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Old-World Names for Herbs

Old-World Names for Herbs

“Eye of newt and toe of frog, Wool of bat and tongue of dog…” the witches of “Macbeth” chant. Luckily for the squeamish, these are names of plants and not the body parts of poor animals! Instead, in this scene, they’re tossing in wild mustard seed (eye of newt), bulbous buttercup leaves (toe of frog), holly leaves (wool of bat), and hound’s tongue (tongue of dog).

It got us thinking about all of the interesting old-world names for herbs. Here are a couple of handy guides for deciphering others you may come across and a fun list of some more common herbs.

Old-World Names for HerbsAnimal Names for Herbs

Generally speaking, each animal symbolizes an herb, while the “body part” of the herb’s name symbolizes the plant’s part. For instance:

Cat: Catnip

Dog: Couch Grass

Eagle: Wild Garlic

Lamb: Lettuce

Rat: Valerian

Toad: Sage

Weasel: Rue


"Body Parts" for Herbs 

The following list is an overview of what the body parts mean for most herbs:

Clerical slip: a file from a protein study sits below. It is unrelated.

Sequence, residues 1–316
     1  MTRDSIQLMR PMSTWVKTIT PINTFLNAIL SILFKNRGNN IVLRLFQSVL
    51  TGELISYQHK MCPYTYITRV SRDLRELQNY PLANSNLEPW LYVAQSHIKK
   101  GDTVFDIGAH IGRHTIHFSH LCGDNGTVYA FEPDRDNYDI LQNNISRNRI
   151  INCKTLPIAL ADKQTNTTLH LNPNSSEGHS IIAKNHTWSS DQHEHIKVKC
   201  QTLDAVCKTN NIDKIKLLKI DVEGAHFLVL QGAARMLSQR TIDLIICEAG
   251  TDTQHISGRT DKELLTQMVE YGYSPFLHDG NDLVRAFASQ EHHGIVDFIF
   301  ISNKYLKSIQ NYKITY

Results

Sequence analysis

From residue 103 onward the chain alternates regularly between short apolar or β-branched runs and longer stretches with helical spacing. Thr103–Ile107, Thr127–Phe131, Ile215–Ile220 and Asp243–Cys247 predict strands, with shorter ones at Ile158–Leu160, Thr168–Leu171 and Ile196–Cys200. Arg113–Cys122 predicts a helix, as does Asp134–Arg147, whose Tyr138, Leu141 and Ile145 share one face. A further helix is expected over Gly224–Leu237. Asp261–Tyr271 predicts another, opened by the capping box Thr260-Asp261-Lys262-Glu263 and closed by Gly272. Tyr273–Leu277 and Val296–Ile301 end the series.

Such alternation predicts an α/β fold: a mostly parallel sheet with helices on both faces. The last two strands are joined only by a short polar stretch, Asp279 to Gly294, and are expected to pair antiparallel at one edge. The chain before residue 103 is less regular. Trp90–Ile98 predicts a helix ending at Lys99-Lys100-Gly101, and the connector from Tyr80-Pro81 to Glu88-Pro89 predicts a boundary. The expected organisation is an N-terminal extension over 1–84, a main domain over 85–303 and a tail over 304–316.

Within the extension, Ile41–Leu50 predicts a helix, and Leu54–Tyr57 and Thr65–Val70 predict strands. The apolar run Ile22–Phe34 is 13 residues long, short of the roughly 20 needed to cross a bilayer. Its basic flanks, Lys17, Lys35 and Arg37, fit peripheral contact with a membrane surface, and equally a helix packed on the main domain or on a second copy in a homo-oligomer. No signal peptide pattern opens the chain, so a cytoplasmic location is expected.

Eye: Inner part of the blossom

Paw/Foot/Leg/Wing/Toe: Leaf

Guts: Roots and stalk

Privates: Seed

Hair: Dried, stringy herbs

Tail: Stem

Head: Flower

Tongue: Petal

Heart: Bud or seed 


Common Herbs & Their Old-World Names

Here's a fun list of old names for some of the most common herbs found in literature (and possibly your garden!). 

Bat's Wings: Holly leaves (“wings” meaning leaves)

Dew of the Sea: Rosemary

Eye of the Day: Common Daisy

Eye of Newt: Wild Mustard Seed (note the “eye” for seed)

Death Flower: Yarrow

Ear of Goat: St. John’s Wort

Swine’s Snout: Dandelion Leaves

Semen of Hermes: Dill

Skin of a Man: Fern

Joy of the Mountain: Marjoram

Kronos’ Blood: Cedar

Little Dragon: Tarragon

Love Lies Bleeding: Amaranth

Elf Leaf: Lavender (sometimes Rosemary)

Hairs of a Baboon: Dill Seed

Blood of Hestia: Chamomile

Blind Eyes: Poppy

Enchanter's Plant: Vervain

Bone of an Ibis: Buckthorn

Bird’s Foot: Fenugreek

Bat’s Wool: Moss

Dead Man's Ashes: Mandrake Root

Old Man: Mugwort (Mugwort may also be called Tarragon or Witch Herb)

Witchbane: Rowan

Worms: Thin, gnarled roots of a local tree

Black Snake Root: Black Cohosh


For more herb names, check out:
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